Abbas Rupawala, MD and Colleen R. Kelly, MD
Clostridioides difficile (previously Clostridium difficile) is an anaerobic gram-positive bacillus that has emerged as the most common cause of hospital-acquired infection in the past 2 decades. The incidence of recurrent C. difficile infection (rCDI) has nearly doubled since 2001, and multiply-recurrent infection has increased nearly 200% over the same period of time.1 Factors including the increased use of antibiotics and their effect on gut microbiota and the emergence of more virulent strains have contributed to the higher occurrence of both health care–associated and community-acquired C. difficile infection (CDI) as well as more severe and fulminant cases. Although an altered gut microbiome is central to the pathophysiology of CDI, the standard treatment for primary and recurrent episodes remains antibiotics, often given as long, tapering courses, which control the infection but do little to restore the microbiome to a healthy, diverse state.
A number of small randomized clinical trials have reported high efficacy rates for fecal microbiota transplantation (FMT) following standard-of-care (SOC) antibiotics to prevent rCDI,2 and FMT is increasingly being used in acute severe and fulminant disease.3,4 In this chapter, we will review the relevant data supporting FMT for treatment of CDI as well as the clinical evaluation, diagnostic dilemmas, and decision making around administering FMT.
Recurrent Clostridioides difficile Infection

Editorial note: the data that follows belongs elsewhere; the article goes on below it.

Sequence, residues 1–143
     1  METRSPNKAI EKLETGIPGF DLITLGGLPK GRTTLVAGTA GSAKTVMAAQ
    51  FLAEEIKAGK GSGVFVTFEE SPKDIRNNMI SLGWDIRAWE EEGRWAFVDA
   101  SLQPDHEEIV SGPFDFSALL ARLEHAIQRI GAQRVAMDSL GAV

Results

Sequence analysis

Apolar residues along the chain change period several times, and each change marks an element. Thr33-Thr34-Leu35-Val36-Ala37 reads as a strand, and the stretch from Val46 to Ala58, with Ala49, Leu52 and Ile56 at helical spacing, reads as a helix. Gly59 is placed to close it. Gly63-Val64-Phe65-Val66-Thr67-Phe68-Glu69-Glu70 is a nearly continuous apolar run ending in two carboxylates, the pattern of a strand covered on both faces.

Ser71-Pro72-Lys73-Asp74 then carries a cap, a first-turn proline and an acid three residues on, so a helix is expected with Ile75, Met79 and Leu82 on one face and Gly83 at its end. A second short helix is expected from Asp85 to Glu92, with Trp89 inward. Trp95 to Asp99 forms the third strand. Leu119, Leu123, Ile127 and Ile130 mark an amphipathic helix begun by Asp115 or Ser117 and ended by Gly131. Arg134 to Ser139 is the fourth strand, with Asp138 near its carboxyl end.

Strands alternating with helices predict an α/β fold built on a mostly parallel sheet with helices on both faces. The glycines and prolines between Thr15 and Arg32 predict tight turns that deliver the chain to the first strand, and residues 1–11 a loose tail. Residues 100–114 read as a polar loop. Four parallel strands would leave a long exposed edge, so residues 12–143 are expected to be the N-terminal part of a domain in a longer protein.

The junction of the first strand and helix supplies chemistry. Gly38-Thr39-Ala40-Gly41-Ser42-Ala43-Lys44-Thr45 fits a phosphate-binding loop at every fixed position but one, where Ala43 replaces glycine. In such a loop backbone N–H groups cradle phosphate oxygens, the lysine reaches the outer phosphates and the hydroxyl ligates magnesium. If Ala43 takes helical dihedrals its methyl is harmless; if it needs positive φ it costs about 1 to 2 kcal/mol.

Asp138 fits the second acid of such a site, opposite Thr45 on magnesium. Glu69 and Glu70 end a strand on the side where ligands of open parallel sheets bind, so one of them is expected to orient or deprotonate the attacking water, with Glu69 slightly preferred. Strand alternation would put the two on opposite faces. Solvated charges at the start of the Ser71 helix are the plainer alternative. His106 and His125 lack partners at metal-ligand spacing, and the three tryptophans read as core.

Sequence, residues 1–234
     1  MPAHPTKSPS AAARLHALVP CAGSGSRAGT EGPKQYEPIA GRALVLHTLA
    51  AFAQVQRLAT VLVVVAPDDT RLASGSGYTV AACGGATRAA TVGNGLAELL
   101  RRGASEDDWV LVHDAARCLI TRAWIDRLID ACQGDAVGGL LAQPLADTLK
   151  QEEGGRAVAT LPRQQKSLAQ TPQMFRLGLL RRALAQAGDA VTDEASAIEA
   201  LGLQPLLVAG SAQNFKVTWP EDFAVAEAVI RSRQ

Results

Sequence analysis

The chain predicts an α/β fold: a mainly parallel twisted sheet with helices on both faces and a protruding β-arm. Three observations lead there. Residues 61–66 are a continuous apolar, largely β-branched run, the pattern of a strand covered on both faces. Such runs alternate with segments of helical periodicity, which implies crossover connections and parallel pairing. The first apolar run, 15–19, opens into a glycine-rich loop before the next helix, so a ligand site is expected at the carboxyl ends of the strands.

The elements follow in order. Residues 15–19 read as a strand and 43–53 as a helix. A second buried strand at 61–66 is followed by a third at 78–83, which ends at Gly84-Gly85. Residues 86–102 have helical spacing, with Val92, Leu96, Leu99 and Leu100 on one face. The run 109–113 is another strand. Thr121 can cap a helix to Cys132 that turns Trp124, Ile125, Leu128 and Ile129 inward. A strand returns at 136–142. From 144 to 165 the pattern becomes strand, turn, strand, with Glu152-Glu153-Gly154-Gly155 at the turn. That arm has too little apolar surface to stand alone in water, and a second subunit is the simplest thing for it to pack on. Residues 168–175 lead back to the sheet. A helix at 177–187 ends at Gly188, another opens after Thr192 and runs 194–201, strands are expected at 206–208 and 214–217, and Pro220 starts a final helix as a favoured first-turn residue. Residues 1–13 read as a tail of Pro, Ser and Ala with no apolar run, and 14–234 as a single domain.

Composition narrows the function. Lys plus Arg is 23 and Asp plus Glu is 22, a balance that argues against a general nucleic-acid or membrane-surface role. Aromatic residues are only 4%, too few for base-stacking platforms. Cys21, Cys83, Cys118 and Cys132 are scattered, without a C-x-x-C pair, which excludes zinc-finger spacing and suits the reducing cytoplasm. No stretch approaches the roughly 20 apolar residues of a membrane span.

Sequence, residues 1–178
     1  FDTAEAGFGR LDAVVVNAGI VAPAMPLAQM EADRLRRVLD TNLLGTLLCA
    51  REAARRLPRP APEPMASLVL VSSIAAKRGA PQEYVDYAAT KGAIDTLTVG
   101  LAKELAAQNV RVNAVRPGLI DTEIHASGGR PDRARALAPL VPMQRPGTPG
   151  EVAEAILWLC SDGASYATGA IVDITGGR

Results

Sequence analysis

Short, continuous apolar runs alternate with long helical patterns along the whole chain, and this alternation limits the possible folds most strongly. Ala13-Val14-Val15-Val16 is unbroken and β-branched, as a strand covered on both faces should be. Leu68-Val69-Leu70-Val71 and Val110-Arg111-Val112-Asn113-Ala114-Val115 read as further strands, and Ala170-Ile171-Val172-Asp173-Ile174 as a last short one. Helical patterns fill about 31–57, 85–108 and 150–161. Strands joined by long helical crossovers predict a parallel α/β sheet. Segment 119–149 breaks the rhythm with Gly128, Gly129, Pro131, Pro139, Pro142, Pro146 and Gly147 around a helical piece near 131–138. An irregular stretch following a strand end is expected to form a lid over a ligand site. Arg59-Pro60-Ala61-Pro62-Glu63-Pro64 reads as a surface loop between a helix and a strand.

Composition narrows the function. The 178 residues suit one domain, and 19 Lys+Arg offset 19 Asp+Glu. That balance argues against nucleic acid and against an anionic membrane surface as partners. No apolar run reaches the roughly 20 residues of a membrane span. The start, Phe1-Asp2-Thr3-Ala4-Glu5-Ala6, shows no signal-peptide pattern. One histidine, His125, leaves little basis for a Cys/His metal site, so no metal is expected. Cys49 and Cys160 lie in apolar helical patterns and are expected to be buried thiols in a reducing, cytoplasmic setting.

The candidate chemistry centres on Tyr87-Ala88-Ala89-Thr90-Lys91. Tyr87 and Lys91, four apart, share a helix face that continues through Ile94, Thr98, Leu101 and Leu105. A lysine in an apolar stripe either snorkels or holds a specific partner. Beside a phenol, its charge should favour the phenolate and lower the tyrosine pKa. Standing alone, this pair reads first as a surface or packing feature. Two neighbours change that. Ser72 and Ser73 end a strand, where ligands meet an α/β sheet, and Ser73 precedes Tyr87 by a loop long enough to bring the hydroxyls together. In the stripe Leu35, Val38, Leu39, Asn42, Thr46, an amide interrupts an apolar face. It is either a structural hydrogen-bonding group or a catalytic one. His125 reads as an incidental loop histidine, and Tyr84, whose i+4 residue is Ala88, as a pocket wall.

The efficacy of FMT following SOC antibiotics for preventing rCDI has been well described in numerous case series and randomized clinical trials, with clinical cure rates reported from 68% to 100%. The first randomized clinical trial evaluating the efficacy of FMT in rCDI, in which FMT was administered by nasoduodenal infusion and showed statistically superior cure rates (81% for single administration) compared with vancomycin (31%), and the trial was stopped early by the institutional research board for benefit, was published in 2013.5 Subsequently, other small randomized clinical trials in rCDI have largely replicated these results when comparing FMT following SOC antibiotics to other interventions, including autologous stool transplant as placebo,6 vancomycin alone,7 and fidaxomicin alone.8 Efficacy has been reported as similar with fresh, frozen,9 and lyophilized material,10 and high success rates have been observed regardless of mode of FMT administration, including oral capsules (Table 4-1).11
Most investigators have defined rCDI as 3 or more episodes, although a number of trials have performed FMT after 2 episodes. Overall, the number needed to treat for FMT is 3 (95% confidence interval, 2-7) to prevent CDI recurrence following SOC antibiotics.2 Although there is variation and a lack of consensus on the definition of rCDI, all CDI clinical practice guidelines recommend FMT for individuals who have suffered more than 3 CDI episodes (2 or more recurrences).12–14